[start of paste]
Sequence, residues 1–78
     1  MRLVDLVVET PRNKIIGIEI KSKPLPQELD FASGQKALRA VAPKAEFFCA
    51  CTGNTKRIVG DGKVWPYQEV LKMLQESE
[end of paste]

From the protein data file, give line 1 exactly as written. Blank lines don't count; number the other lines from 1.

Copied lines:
Sequence, residues 1–78